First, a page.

• [00:00:04] The first trading day of 2020 saw the S&P make another new all time high before news of the U.S. attack on an Iranian general reversed the gains on the following day. Now, although geopolitics are dominating the headlines, it could be a change in momentum of the US Federal Reserve's repo operations that poses the greater short term threat to equity markets. And that's the big conversation. Last year, 2019 started off on the back foot after global turmoil in the fourth quarter of 2018 had led to a 20 percent decline in the S&P 500 and close to close basis. This, however, set up global markets for one of the best years of the last decade, with the S&P 500 gaining nearly 30 percent through 2019 and surging 13 percent off the September 2019 lows with that momentum spilling over into the first trading day of this year. Obviously geopolitical events have given markets an early jolt in 2020 and are a reminder that politics rather than economics may currently be the biggest catalyst for financial markets. Let's not forget last year, markets soared despite a dismal performance from global manufacturing, which even today is implying recessionary levels in many parts of the world. The US December ISM Manufacturing Index fell even deeper into contraction territory last week or is still above outright recession territory, which is usually considered to be a prince anywhere below 45. So can the latest geopolitical shockwaves become the catalyst for a reversal? Clearly, there's a lot of uncertainty and events could already have changed between filming this on Monday, the 6th of January and its release on Wednesday, the 8th of January. But the US equity market may be facing greater uncertainty from something far more mundane and arcane, which is the withdrawal of emergency liquidity from the US funding markets. But before we touch on that, let's take a look at the initial reaction to events in the Middle East. On Friday, the 2nd of January, so far as the crude oil prices immediately spiked, as would have been expected, with both the US based West Texas and the global benchmark, which is Brent, rising around 4 percent on the initial news and then further on Monday. And it should be noted, however, that this initial reaction was far less than the spike in oil prices that we saw after the missile attack on Saudi oil facilities in September of last year. But what should be noted both then and now was the impact on the spread between Brent and West Texas. In September, the spread of Brent over West Texas jumped as soon as the futures markets reopened on fears of a supply disruption. But within a few hours, only this move had given up nearly all of those gains. And I think this reflected a new dynamic, which is that the US is now a net exporter of oil, so that supply issues in the Saudi sphere with those facilities being impacted, is seen as being far less serious than a disruption would have been a decade ago. And of course, in a world where central banks, particularly those of US, Europe and Japan, are looking for any excuse whatsoever to open the liquidity spigots even wider, this geopolitical uncertainty may be just the excuse to keep the fourth quarter accommodation going into 2020. But let's assume for now, the US Fed in particular is going to try and normalize its policy. Last year, we saw a pickup in liquidity provision that broadly fell into two parts. The first one was a sudden surge in overnight US Treasury repo costs. Very broadly, this is the costs of funding a bank's balance sheet in the short term markets. Now there were fears that the funding markets could grind to a halt again, as they had in 2008. So the New York Fed stepped in with both overnight funding and term funding, which is usually out to around about 14 days. And although this did stabilize the funding costs, the size of those provisions continued to grow and grow as a number of key players continued to hoard capital. And if this first phase was a reactive phase, the second phase was pre-emptive, driven by concern that funding costs over year end, turn funding, could also blow out as they had often done in the past. So the Fed therefore further increased the size of its funding operations and then added some new regular facilities to ensure ample liquidity from December the 15th to January the 14th, with a specific focus on the 30th, December to January 2nd window i.e. around that turn. Well, the year came and went. The year end, rather than a collapse like 2018, we had a surge in equity prices probably because of this Fed backstop, a bit like the run up we had in 1999 when authorities provided liquidity to protect against Y2K uncertainty. By the end of last year, the Fed's balance sheet had been expanding at a rapid pace, although it hasn't reached the previous highs. The move has been dramatic. Whether this is true QE or not is irrelevant. The messaging was as important as the mechanics because the Fed signalled that on a short term basis they would do whatever it takes to stabilize markets. And the S&P 500 in particular appears to have ebbed and flowed with these liquidity injections with a one week lag to changes in the Fed's balance sheet. But in some ways, the key point here is that these supposed to be short term operations. Although they are still being undertaken, some of that early liquidity should have dropped off on Monday, Tuesday and Friday of this week. Though there are another three 35 billion dollar facilities to come between now and mid-January. However, if there are any signs of equity market weakness on the removal of that liquidity, won't the Fed simply roll these facilities on an ongoing basis? And that's certainly the core expectation of market. Short term funding that is constantly rolled, well, effectively that becomes long term funding. And as mentioned previously, those geopolitical tensions themselves may be just the excuse that the Fed is looking for to keep their operations running. If that becomes the case, it's worth remembering what happened in Q1 2000 of the global authorities had injected a precautionary amount of liquidity ahead of the Y2K event, having already loosened policy in 1998 after the collapse of Long-Term Capital Management. The Nasdaq rallied another 25 percent before eventually it collapsed under the weight of its own ludicrous valuation, which was its own central bank induced Minsky moment, which led to a two and a half year decline in the US equity market. So central bankers can still be far more dangerous for markets than politicians, but undermining risk assets is not part of their intentional programming. 

    [00:07:21] There's been a lot of chatter, again, about the recent re steepening of the U.S. yield curve at the end of last year. As you're probably aware, the U.S. yield curve has followed a similar pattern ahead of the last few U.S. recessions. First, the curve inverts. That's when the 10 year yield falls below that of the two year yield or the two year yield rises above that of the 10 year. And this inversion usually occurs well in advance of a recessionary event. There was a brief inversion on this part of the curve in the middle of 2018. However, the countdown to a recessionary event usually comes from the re-steepening of the curve. But as with the inversion, the re-steepening can begin many months in advance of recessionary events. By the end of 2019, the curve had significantly re-steepened off the lows, in fact, taking it to a 12 month high. Now, not withstanding the decline in long dated yields and the back of last week's political events, the initial re steepening again sparked renewed calls for an imminent recession. And these calls were given additional impetus by last week's ISM manufacturing data, which as noted in the previous section, had fallen further into contraction territory. although the market PMI version has remained resolute above 50 throughout. And as we noted in our top charts for 2020 segment at the end of last year, we must also be on watch for a deterioration in consumer confidence. Although the labour differential has rebounded to zero, a fall below zero has been a precursor to the last three recessions. Consumer confidence itself continues to test the 10 year uptrend. Remember, when this indicator turns, it can turn extremely rapidly. This is a broad generalization, but previous inversions prior to recessions saw the initial flattening and inversion caused by two year yields rising. And this is as growth picked up. It forced the Fed to raise rates such as the front end yield converged on the long end yields. Now, through much of 2018, it was true that the flattening was indeed due to higher two year yields. But from November 2018 through to September 2019, it was the rapid decline in the long dated yield, such as the 10 year space that drove the flattening of the yield curve. Now, low growth may have been a key dynamic, but it was also the result of central bank activity and the actions of a few commercial banks who were rebalancing their loan and bond portfolios i.e. This was not the normal flattening dynamic that we'd seen prior to previous recessions. And this dynamic has also influenced the recent re-steepening. Prior to previous recessions, the restructuring had resulted from the Fed cutting rates in order to offset the slowdown that they had manufactured via the previous tightening cycle. And this is all part of a fairly normal and recurring business cycle that has existed for much of the post-war era. On this occasion, however, most of the steepening has come from a rise in the 10 year yield from those excessively depressed levels in September 2019. So the dynamic of flattening and re steepening of the US curve is therefore somewhat different than the dynamics that preceded previous recessions. Wage inflation has not yet picked up, which has allowed unemployment rates to remain incredibly depressed, close in fact to the 50 year lows. And the Fed has not been forced to act based on tight unemployment conditions, at least not yet. But there are risks that this liquidity that is sloshing around the global system currently with a very low velocity could quickly build momentum and force the hand of central banks. As we've mentioned in previous segments, geopolitics may drive asset prices despite the best efforts of central banks. But for now, the dynamics of the inversion and the risk deepening of the curve are giving a very different message from the dynamics that preceded the previous recessionary events. And for now, the central banks continue to provide historically abnormal amounts of liquidity in an attempt to keep a lid on asset price volatility and keep this unnatural framework going that little bit longer.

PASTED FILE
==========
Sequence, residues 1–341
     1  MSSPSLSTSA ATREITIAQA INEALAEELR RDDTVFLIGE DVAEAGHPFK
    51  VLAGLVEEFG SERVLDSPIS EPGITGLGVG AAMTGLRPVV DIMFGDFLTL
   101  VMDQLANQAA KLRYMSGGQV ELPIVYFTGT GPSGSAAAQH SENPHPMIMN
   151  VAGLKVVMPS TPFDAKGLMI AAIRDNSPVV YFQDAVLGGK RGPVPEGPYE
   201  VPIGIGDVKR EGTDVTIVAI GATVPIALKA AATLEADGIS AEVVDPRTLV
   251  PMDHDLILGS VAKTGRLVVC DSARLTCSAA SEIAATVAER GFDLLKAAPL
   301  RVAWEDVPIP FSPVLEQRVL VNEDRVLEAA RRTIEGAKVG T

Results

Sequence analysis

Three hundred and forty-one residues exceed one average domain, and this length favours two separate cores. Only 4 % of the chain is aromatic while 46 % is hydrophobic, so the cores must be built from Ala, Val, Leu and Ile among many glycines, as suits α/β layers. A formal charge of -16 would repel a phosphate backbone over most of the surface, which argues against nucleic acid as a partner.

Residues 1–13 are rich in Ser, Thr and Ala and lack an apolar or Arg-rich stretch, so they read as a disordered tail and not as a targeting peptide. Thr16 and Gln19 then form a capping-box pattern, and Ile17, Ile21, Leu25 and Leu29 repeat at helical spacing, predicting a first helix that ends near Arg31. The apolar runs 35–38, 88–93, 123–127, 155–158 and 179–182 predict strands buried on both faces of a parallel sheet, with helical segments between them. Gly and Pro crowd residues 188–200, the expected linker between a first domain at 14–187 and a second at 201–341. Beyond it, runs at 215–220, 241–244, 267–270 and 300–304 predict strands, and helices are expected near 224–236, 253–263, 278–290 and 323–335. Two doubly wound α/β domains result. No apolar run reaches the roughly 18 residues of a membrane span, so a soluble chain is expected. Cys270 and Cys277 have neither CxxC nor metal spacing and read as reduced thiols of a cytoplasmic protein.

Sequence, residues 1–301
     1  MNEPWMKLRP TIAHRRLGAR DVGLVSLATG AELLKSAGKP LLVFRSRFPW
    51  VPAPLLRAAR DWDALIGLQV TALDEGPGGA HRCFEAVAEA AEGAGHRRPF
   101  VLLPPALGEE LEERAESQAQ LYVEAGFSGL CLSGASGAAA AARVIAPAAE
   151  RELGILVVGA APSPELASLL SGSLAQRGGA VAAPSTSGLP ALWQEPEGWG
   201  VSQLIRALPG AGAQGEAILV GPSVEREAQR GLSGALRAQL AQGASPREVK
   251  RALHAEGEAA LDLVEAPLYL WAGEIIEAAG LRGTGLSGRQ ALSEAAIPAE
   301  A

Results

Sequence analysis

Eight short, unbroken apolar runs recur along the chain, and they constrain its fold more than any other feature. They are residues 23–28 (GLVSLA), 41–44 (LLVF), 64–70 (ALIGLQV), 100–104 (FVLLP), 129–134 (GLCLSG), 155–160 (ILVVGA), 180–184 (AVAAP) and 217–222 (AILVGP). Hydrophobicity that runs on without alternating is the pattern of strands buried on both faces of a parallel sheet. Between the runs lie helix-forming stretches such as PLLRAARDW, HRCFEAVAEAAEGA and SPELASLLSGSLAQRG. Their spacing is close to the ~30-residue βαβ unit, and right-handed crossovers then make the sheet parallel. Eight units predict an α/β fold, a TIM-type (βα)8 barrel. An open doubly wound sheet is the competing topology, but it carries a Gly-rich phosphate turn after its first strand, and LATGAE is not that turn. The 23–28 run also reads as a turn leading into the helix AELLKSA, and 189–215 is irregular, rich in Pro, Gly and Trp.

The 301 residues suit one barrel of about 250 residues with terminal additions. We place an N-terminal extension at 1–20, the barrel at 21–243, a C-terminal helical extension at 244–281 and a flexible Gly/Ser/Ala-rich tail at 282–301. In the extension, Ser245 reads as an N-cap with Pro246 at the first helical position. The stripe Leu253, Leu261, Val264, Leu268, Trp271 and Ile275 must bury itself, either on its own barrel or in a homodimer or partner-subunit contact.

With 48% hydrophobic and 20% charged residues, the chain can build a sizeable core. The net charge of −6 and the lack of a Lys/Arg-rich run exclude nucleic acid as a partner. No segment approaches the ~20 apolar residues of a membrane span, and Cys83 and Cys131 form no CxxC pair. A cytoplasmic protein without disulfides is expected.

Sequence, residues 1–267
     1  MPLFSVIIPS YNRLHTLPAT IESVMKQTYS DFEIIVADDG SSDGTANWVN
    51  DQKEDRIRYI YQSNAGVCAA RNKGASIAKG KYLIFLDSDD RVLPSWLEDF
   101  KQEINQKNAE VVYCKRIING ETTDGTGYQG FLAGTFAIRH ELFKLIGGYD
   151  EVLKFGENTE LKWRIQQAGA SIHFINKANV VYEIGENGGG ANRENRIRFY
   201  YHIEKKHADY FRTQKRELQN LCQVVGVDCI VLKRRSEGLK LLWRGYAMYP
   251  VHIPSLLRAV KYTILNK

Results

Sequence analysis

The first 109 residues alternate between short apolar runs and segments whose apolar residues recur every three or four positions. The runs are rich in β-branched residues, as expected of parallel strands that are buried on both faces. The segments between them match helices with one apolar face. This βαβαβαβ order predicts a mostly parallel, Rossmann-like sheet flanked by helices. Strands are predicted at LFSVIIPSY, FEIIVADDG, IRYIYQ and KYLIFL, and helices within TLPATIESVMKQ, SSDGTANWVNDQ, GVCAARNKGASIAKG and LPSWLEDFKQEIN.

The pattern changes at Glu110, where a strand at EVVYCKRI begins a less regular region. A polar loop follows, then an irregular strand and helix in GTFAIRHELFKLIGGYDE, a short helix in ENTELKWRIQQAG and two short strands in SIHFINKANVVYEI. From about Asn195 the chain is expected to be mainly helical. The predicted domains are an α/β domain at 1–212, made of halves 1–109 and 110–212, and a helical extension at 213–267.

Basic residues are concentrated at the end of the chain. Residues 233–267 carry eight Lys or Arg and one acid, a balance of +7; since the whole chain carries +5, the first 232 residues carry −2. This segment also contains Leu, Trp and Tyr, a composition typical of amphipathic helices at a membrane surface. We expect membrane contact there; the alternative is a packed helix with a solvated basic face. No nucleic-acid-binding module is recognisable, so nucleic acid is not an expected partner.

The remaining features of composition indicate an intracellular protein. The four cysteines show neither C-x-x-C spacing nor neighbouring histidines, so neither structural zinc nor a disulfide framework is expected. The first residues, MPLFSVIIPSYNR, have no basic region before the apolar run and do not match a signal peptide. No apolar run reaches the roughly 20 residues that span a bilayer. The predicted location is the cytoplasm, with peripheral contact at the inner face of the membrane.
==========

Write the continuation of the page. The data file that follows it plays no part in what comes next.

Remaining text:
[00:11:57] There are a couple of then and now charts that have been doing the rounds for the S&P 500. One is from 2013 compared to today and one from 1998. Now these sorts of comparisons are really only useful as potential signposts. They will inevitably diverge is any time, but market patterns tend, like everything else, to ride through the seasons. And it can give us clues as to what happens next, especially if there are similarities in the backdrop. Perhaps the most striking of the comparisons is that of the full year of 2013 with this year's performance. In percentage terms, the S&P gained almost 30 percent on both occasions. What's really striking is the markets then and now have ebbed and flowed in a very similar pattern. Now if we roll on into 2014, we can see that the S&P had a minor wobble toward the end of January. You may also recall that we had a bigger wobble at the similar time in 2018 as well. So it's worth bearing in mind that a sizeable rally like we've seen is always susceptible to a smaller scale shakeout. The second pattern that has similarities with today's is the rally off the lows in 1998 compared to the rally off the lows in December 2018. The initial move of both markets was very, very similar, though the 1998 move was far more powerful than that move off the December 2018 lows. But after roughly a similar sort of day count between the S&P then and now, both markets had gained around about 35 percent this time round, largely because the Federal Reserve has fuelled that rally into the end of 2019. In 1999, Y2K saw additional accommodation from the Fed and other monetary authorities. In 2019, issues with the repo markets saw the Fed become more accommodative, juicing markets into year end. In 2000, the Nasdaq added another 25 percent before reversing and even the S&P 500 surged to a new high. Now, although we shouldn't be committing ourselves to invest based on spurious past patterns, on both occasions. although momentum was faltering and showing high volatility, it continued to the upside for at least a few more months. So if the Fed show few signs of withdrawing the emergency liquidity that they put in at the end of last year, then I don't think is unreasonable to expect the same sort of thing this time round in terms of further upside unless the geopolitics emphatically take over. But that will probably take some time to play out.